- All Posts
- Growing Up Bronx
Do you ever find yourself tired of hearing the same thing over and over? You know that they mean well when they tell you “I’m Sorry,” or “they’re in a better place.” You may find that you are exhausted from hearing “No matter what, remember that they always loved you.” What these well meaning people may not understand is that these words can at times come off as condescending. Those good intentions aside, do those words really help? I don’t think so.
I’ve heard those words so many times over the years that they sound like a broken record! Let’ me share the realities about the grieving process. This is coming from a young person who lost their own dad fifteen years ago.
When you’re a kid, and you lose someone you love, your family tries to “shield” you. They withhold, or lie in hopes of sparing you from pain. They say things like “Daddy took a trip, he’s in a place called heaven.” or “You’ll see him again one day.”
Thank God that there was at least one straightforward adult in the mix. This person believes that children should be told the truth. We may be young, but we are not stupid! Don’t you think that one day we will question where this heaven is? Why are our loved ones there instead of walking through our door? Why did they leave us? Do you not think that we will notice that they don’t call our nickname anymore? Can’t you tell that we want to hear them say how much they love us? If they are in this “place” called heaven, when can’t they get on the phone and say hi? You may think we are weak and ignorant, but if you give us a chance, you’ll find that we are much stronger than you can fathom!
The first year everyone appears to be close. Until they get what they want! As those aims are met, (money, property, etc) the visits became shorter, and the distance becomes greater. It has become that I cannot get the family together to mourn the dead. They provide the same tired excuses mingled with their fake sincerity.”Sorry we can’t make it, but we really love and miss him.” The memories of a once united family fade away. Over the years this illusion of what you thought was a happy family is shattered. That’s when you get to see who is really there for you. As you get older you start to see that things aren’t really what they seemed.
In my case, my mom says that she is both my mom and dad now. I appreciate her for that, but it is still hard when birthdays come up, holidays, and other special events such as a prom. When you get married, your dad is supposed to walk you down the aisle. Yet my dad is gone. I can’t help but think sometimes that he should be walking through the door and scolding me for dating a loser! Yet it never happens, so I take a deep breath, and visualize what could have been. Though I am numb, he does live on in my heart and mind.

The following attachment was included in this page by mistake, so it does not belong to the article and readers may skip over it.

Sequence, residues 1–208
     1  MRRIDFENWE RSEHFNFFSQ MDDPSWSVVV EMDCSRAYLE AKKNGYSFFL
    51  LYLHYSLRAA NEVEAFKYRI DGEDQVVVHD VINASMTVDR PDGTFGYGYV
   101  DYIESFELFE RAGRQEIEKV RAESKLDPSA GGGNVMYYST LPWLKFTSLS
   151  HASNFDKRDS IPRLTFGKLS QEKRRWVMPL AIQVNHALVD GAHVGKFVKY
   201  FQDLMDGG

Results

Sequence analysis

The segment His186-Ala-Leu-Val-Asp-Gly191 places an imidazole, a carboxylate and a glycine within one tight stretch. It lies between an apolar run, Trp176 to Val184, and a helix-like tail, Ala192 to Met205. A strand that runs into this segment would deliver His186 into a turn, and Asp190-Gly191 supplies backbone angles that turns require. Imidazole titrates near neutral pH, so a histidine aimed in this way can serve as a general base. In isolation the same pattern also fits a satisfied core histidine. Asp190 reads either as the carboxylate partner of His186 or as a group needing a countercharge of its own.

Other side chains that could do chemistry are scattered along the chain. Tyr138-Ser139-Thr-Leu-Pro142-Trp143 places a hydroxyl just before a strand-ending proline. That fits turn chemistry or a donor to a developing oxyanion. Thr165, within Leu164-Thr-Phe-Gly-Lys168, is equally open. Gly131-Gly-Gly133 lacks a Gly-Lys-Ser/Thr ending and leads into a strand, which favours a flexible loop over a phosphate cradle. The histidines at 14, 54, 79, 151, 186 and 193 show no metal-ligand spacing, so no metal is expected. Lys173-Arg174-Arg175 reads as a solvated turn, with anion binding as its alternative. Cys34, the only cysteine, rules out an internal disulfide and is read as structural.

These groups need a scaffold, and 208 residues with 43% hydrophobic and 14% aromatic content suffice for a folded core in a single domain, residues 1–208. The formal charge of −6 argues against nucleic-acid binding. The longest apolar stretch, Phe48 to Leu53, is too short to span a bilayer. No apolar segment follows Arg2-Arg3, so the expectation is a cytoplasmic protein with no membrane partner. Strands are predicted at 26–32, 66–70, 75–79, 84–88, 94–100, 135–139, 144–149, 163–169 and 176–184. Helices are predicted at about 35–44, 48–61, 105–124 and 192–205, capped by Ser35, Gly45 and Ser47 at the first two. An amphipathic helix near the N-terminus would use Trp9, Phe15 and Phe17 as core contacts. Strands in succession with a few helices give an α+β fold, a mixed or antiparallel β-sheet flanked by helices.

Even so, I still carry a giant weight on my shoulders. Everything in the home reminds me of the person I lost. Family refuses to update the photos for the past fifteen years. This makes it difficult to move on. It leads to sleepless nights, and many nightmares. It creates a sad appearance, and then everyone who knows you seems to look at you with pity in their eyes. They give you more of the same, “he still loves you.”
Eventually you realize that you require help to get past this.The overpaid therapists tell you that there are many ways to cope with grief and pain. They discourage withdrawing and suppressing of emotions. They also seem to disapprove of self mutilation, such as cutting and burning our skin. The last items on a long list of “disapprovals” were drinking and abusing narcotic substances. One day though, after so long, I realized on my own that all this self abuse was not the solution to my problems.
I have come to a few realizations when it comes to grief. Unless you have experienced a similar loss, then you cannot relate. You cannot appreciate the loss of such a powerful bond. The pain is ever present, but does not manifest itself, or overcome all the time. However, at the drop of a dime it can surface. When it does, let it out! Cry, scream, punch a pillow, do whatever you feel is necessary. You have to let it out, or it will devour you. Society looks at crying as a form of weakness, but it is part of the grieving process, so by God, LET IT OUT!
Another piece of advice, be wary of the company you keep. Believe or not, there are people who pretend to have your best interests at heart, yet they thrive, feed off of, and contribute to your aching. Some go as far as to manipulate you into “needing” them. Keep your eyes open for those snakes!
Grieving the loss of a loved one is never an easy thing. It doesn’t get easier and it is probably the most difficult thing I’ve had to do in my short life. Coming to that realization that no matter how hard you love them, no matter how hard you cry, beg, or pray, that they will never be here again. That is the most difficult part. Our managing editor, Angel, has experienced and expressed similar sentiment. The pain never goes away, but as with most things in life, you adapt, and you survive. That’s what our loved ones would want, I’m sure of it.
If you are in contact with someone who is going through the grieving process, please be supportive. Listen when they need it, speak when they need it, and allow them to release their heartache in whichever (healthy) form they wish.
If you are grieving, find your outlet. Be that poetry, writing a letter to them, or simply talking to a friend. The soul of your loved one will receive the message. Know that you are not, and don’t have to be alone. If not for my getting help, I don’t know that I’d be here writing this today.
If you are grieving, I hope that my words have helped you.
Growing Up Bronx